Kitten-tiger & the Monk by Carolyn Crane - A Disillusionists novella: Sophia Sidway, Midcity's most dangerous memory revisionist, seeks out the mysterious Monk in the wasteland beneath the Tangle turnpike. She's hoping for redemption...but it turns out that the Monk is not all that pious, and the turnpike is no turnpike at all.  

Trading cards are here...

Check it out! I made trading cards for the Disillusionists to give out at conventions like AAD and RWA.

I loved making these. I want to make them for all my characters - who knows when that will happen, but for now I have 5. The backs, not pictured, are all different and tell about the characters.

Do you like them? Send me a self-addressed stamped envelope and I'll pop a set in the mail for you.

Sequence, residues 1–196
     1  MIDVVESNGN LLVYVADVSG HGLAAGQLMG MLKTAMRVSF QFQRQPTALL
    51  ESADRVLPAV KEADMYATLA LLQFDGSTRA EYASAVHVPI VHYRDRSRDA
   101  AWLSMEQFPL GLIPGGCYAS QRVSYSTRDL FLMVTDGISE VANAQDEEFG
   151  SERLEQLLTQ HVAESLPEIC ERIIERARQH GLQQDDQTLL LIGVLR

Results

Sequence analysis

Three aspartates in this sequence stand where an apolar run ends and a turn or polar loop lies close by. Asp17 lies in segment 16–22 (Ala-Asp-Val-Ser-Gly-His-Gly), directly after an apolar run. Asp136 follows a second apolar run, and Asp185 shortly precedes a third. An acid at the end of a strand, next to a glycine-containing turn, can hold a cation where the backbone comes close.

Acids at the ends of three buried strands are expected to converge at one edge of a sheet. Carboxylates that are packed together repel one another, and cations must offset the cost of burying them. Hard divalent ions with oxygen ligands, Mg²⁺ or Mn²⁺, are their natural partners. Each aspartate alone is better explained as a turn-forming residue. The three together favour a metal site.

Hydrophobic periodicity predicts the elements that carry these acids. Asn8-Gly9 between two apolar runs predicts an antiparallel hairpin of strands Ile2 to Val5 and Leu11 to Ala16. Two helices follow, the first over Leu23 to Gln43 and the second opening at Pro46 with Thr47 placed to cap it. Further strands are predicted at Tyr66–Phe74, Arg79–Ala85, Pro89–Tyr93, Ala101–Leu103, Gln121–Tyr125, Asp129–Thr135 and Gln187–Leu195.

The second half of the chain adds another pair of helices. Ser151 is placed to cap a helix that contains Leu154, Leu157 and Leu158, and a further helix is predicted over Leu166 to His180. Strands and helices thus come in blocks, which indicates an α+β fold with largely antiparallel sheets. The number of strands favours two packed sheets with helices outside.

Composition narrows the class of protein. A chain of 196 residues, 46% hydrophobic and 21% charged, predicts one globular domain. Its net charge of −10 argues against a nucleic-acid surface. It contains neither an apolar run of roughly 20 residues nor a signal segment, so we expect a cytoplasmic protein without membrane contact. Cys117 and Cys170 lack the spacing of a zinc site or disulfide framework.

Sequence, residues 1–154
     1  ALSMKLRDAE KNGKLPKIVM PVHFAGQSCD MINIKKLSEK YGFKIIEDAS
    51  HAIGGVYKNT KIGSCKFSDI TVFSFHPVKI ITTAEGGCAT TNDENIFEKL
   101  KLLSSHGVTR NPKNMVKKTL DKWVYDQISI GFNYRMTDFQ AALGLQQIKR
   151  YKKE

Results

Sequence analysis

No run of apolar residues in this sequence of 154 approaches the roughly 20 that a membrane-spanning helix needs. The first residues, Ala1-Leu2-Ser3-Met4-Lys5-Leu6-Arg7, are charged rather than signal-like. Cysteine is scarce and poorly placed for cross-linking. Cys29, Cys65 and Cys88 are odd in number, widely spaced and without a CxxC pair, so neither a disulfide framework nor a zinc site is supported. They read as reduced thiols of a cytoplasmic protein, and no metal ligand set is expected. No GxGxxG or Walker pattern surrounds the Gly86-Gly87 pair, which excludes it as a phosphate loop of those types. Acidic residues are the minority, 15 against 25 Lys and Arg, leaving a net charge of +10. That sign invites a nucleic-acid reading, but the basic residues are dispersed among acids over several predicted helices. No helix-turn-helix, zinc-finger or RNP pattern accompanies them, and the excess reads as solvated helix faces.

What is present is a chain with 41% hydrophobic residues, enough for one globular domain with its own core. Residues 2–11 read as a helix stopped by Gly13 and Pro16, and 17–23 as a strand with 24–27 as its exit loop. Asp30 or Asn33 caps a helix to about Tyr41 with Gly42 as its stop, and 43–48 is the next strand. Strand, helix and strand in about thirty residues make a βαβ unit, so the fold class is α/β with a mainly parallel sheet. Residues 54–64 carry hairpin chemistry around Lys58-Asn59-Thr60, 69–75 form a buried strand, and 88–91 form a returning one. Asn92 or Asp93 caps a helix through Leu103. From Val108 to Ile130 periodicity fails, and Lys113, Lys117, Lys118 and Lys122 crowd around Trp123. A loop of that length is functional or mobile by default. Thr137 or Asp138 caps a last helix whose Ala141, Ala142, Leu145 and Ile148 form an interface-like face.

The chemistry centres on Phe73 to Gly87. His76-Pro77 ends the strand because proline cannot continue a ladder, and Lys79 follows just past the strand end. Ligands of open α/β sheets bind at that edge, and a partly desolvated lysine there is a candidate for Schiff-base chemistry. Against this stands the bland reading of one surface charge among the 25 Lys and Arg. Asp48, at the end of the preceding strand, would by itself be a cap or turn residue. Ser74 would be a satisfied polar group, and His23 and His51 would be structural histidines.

Email me at to get the sekrit instructions to follow.

Uh! Can you believe the way this post is laying out? I cannot control blogger today. But, you get the idea, right? 



Wednesday, April 20, 2011

Over at the Mind Meld talking non non-genre influences

I was so flattered to be asked to participate in one of SF Signal's Mind Meld features, which is where they ask a lot of different authors the same question. Today's question was:

 What non-genre books influenced you in some way? How?

I picked out three books, and tried to think of specific and general examples of how they influenced me. Actually, I had a lot of fun reading the other writers' responses, too. It was just really cool to look at what books they treasure and learn from.

What did I pick? All is revealed here...

Tuesday, April 19, 2011

Get Lost in a Story: the interview & international giveaway!